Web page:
To test myricetin’s ability to inhibit IAPP aggregation, ThT-binding experiments were performed. When dissolved in an aqueous solution, ThT has negligible fluorescence emission when irradiated with 450 nm light. However, ThT fluorescence increases drastically upon binding to amyloid fibrils . Synthetic IAPP (GenScript Corp.) was first disaggregated in HFIP (Sigma) in a sonicating water bath. HFIP was removed over a steady stream of dry nitrogen gas. The resulting peptide sample was dissolved in 20 mM tris buffer pH 7.40 to yield an IAPP in-solution concentration of 106 μM. Myricetin (Sigma) was dissolved in ethyl acetate and added to various in-solution concentrations (all samples contained equivalent ethyl acetate concentrations). Aggregation was promoted by incubating samples at 37°C with shaking (200 rpm). An aliquot of each sample was removed at indicated time points and mixed with 12.0 μM thioflavin T in 20 mM Tris buffer pH 7.40. The thioflavin T mixture was incubated at room temperature in the dark for 5 minutes before recording the thioflavin T fluorescence emission spectrum (Ex450nm) using a Hitatchi F-7000 fluorescence spectrophotometer.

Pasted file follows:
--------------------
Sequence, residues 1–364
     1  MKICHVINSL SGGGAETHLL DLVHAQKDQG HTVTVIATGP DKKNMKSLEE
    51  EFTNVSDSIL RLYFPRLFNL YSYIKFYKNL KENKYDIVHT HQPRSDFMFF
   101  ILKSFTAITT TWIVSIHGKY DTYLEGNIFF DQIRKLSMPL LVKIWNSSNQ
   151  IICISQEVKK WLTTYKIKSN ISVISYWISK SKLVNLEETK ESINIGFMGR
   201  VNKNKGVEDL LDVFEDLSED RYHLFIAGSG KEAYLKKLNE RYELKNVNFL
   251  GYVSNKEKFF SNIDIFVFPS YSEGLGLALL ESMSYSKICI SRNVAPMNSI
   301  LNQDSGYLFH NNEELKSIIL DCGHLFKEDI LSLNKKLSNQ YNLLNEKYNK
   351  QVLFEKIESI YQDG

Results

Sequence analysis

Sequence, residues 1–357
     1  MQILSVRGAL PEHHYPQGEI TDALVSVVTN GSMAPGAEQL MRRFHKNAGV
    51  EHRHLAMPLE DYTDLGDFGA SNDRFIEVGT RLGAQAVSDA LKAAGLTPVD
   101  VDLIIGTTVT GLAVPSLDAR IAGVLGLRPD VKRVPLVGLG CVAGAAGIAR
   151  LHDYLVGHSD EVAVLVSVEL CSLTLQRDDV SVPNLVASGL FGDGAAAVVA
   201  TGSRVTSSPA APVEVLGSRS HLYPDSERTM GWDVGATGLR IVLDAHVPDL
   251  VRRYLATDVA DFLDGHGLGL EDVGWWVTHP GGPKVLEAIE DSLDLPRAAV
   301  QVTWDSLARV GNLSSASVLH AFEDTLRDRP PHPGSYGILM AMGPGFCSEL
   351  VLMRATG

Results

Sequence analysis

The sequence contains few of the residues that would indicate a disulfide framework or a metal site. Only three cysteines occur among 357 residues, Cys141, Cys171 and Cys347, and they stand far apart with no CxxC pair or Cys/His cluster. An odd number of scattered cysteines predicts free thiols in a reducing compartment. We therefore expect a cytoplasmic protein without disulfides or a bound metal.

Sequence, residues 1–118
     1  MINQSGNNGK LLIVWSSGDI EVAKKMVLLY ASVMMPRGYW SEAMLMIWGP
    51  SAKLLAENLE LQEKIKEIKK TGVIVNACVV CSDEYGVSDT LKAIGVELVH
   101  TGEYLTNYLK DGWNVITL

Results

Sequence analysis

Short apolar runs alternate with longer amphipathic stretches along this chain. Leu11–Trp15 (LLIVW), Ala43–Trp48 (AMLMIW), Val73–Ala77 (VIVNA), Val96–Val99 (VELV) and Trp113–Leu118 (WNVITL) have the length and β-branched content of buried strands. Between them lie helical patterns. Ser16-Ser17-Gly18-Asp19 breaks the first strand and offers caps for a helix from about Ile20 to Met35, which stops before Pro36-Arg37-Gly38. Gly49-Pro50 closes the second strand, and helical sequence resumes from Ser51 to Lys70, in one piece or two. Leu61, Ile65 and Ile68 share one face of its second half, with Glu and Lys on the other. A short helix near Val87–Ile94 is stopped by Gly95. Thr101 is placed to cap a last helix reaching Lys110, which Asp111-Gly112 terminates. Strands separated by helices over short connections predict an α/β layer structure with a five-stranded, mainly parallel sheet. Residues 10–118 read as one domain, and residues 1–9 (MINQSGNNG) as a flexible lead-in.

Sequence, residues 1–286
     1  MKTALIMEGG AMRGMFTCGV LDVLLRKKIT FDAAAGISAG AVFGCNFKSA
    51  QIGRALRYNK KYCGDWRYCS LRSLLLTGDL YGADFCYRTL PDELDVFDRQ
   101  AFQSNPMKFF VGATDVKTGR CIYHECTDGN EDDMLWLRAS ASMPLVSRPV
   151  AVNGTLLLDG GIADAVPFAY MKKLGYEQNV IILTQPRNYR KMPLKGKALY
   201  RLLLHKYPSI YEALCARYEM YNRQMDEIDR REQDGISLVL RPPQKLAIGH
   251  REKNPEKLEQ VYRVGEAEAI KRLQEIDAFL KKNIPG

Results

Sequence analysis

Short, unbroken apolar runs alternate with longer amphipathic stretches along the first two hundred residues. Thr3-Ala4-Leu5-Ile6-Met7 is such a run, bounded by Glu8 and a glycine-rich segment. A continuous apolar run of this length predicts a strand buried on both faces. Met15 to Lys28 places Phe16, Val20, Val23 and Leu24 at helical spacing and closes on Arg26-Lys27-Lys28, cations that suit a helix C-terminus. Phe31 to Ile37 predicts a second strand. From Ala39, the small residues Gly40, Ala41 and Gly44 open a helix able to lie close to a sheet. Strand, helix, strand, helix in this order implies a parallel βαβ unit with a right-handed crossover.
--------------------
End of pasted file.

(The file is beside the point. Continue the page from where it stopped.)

IAPP is one of the most amyloidogenic peptides known. Under these aggregation-promoting conditions, IAPP began to bind ThT in less than 15 minutes of incubation (Fig. 2). In the presence of myricetin, ThT binding was reduced in a concentration-dependent manner. At the highest concentration of myricetin tested, where myricetin was at a 10-fold molar excess over IAPP, the ThT-binding of IAPP was approximately the same as ThT in solution in the absence of IAPP. The decrease in ThT fluorescence after reaching its maximum is commonly witnessed in these assays and is consistent with previously reported amyloid aggregation reactions [12, 13].